Dale Cotton has answered very well I think, so I just have a general comment, inspired by a Mike Johnson essay about the fallacies of "connoisseurism".
Quality is perhaps best thought of in terms of how close we are to visible perfection, maybe scored as a percentage (like SQF scores for lenses). As quality improves all around, the quality gap between a "lower quality, cheaper, more convenient" option and "higher quality, more expensive, less convenient" alternative shrinks. For example, maybe some decades ago, the best zooms scored only 70% for quality while good primes scored 90%, and many people could see and care about that 20% difference. But if today's best zooms score 95%, then even great efforts can only make primes better by less than 5%.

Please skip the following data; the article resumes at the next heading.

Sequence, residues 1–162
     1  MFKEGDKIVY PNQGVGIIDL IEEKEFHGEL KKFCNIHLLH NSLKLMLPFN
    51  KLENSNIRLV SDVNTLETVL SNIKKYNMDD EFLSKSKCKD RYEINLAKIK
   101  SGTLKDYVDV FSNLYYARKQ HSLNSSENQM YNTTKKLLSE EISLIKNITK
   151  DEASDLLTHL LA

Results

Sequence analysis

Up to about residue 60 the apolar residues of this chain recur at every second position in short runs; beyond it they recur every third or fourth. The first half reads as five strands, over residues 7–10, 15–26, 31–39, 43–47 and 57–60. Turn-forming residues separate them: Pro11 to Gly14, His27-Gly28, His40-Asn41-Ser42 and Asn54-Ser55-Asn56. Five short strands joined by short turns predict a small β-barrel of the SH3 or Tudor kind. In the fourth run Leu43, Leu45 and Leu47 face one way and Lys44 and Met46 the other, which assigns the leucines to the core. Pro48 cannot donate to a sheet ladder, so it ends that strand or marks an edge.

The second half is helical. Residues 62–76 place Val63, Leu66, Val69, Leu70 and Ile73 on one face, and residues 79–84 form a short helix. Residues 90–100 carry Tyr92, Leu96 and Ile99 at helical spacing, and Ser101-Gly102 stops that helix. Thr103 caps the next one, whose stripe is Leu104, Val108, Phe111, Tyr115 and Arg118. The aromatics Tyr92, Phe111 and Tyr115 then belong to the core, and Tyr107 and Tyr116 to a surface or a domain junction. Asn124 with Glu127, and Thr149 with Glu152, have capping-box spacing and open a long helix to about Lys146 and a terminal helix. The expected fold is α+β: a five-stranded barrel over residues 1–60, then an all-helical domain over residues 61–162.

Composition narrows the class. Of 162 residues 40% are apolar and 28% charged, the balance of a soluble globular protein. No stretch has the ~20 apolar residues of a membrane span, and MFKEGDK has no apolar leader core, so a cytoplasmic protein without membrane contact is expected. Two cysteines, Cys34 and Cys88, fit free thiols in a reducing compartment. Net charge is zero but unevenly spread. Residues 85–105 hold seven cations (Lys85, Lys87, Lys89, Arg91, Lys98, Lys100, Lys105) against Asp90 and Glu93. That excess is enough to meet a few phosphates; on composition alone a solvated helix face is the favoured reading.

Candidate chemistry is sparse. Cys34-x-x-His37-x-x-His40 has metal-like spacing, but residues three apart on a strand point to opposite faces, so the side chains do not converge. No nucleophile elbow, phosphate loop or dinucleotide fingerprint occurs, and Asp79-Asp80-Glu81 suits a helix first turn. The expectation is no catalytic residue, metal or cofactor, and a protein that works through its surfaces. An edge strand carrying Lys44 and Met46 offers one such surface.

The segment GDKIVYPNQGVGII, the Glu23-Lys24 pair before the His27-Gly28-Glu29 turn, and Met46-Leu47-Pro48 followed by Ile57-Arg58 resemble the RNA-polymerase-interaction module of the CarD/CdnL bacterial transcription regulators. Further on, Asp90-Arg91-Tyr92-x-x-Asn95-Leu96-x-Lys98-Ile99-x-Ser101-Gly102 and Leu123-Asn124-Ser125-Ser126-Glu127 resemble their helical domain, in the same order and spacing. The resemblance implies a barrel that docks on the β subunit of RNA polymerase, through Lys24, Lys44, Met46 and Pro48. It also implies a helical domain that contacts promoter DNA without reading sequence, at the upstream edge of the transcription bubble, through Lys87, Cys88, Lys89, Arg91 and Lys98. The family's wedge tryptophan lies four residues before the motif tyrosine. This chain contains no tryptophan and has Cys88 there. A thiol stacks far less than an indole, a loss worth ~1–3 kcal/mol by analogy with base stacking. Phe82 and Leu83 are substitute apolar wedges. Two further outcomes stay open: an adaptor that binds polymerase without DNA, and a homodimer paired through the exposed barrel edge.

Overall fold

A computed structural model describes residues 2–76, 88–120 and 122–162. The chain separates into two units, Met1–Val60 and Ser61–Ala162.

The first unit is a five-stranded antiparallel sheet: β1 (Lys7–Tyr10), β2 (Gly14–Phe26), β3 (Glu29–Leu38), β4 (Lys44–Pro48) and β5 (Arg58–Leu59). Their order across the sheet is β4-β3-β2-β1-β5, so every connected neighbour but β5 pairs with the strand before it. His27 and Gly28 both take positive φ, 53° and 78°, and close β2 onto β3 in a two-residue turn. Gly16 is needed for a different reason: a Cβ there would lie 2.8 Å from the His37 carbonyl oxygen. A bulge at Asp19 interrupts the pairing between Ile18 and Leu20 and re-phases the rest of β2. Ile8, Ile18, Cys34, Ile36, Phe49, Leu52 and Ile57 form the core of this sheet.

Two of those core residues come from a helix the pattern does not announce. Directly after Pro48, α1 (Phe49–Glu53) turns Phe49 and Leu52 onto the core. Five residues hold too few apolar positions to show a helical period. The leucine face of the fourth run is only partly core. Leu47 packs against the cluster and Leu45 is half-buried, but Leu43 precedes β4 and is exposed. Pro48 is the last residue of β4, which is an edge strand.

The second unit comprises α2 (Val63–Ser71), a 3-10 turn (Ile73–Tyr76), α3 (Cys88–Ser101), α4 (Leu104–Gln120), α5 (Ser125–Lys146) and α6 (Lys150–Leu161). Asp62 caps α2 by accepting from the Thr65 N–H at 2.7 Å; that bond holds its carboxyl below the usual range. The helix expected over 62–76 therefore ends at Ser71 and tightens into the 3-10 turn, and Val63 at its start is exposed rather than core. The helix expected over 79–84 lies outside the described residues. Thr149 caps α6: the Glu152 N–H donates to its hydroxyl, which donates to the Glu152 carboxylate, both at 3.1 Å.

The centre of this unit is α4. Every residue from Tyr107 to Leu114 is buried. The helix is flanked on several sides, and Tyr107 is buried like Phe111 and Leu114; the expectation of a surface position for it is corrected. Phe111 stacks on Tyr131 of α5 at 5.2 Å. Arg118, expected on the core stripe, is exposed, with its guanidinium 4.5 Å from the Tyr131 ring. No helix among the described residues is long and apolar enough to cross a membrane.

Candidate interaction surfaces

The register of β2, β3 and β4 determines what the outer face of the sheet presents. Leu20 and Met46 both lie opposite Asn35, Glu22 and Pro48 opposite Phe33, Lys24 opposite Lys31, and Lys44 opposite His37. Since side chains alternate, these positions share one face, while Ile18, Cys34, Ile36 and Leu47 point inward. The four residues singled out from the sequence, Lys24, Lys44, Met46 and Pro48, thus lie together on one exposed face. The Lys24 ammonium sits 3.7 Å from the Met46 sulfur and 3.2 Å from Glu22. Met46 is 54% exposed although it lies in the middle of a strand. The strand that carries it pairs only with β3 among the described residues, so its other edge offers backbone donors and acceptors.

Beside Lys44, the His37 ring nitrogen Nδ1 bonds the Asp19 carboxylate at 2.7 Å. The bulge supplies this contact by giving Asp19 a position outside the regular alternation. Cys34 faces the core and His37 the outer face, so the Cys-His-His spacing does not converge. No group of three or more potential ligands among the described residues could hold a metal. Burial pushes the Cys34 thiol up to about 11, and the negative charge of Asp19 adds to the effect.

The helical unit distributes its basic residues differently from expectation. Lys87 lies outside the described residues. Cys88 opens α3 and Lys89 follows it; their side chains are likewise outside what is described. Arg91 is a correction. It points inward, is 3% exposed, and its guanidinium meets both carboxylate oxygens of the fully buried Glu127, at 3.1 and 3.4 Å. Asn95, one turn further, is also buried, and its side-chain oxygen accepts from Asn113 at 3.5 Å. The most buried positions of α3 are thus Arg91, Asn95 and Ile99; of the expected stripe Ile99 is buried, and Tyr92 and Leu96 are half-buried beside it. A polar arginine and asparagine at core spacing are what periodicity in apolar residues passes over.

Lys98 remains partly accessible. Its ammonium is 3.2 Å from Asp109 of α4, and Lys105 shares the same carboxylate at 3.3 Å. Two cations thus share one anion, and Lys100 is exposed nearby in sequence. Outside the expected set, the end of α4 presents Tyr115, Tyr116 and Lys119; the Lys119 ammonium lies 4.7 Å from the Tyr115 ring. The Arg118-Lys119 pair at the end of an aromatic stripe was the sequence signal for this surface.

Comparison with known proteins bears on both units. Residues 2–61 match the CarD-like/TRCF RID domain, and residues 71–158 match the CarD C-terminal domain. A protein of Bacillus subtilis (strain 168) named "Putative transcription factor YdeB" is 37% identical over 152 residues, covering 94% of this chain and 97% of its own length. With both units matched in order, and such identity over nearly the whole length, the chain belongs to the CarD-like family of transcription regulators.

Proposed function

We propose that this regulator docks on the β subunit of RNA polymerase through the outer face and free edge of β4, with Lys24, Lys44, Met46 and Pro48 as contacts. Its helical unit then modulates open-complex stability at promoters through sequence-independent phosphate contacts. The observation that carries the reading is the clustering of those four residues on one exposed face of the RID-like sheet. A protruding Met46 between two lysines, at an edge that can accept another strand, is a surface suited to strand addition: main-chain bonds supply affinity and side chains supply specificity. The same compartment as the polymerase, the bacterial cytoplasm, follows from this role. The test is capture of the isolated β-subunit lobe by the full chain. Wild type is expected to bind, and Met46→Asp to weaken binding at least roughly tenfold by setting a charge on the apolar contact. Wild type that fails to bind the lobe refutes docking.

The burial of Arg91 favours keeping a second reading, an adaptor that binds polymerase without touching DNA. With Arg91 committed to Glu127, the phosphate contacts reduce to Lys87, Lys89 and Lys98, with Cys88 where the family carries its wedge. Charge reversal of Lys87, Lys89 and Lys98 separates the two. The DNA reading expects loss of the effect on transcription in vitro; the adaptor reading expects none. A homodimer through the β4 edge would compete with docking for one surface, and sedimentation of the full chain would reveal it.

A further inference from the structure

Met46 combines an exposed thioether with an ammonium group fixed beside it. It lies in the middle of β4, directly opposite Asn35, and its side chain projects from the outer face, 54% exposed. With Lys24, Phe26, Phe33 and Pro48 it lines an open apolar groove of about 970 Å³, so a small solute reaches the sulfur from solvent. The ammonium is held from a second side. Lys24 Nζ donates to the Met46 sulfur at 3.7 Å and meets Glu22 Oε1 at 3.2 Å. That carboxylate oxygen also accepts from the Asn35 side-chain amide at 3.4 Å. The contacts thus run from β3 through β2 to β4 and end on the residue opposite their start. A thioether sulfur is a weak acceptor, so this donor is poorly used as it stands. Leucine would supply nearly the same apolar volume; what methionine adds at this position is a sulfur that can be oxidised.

At the opposite extreme to this "percentage" idea, one of the greatest obfuscations and exaggerations of image quality differences is using sensor pixel counts as a measure of quality. I see no real sense to suggesting that the 1DSMkII gives 50% better prints than the original 1Ds simply due to having about 50% more pixels.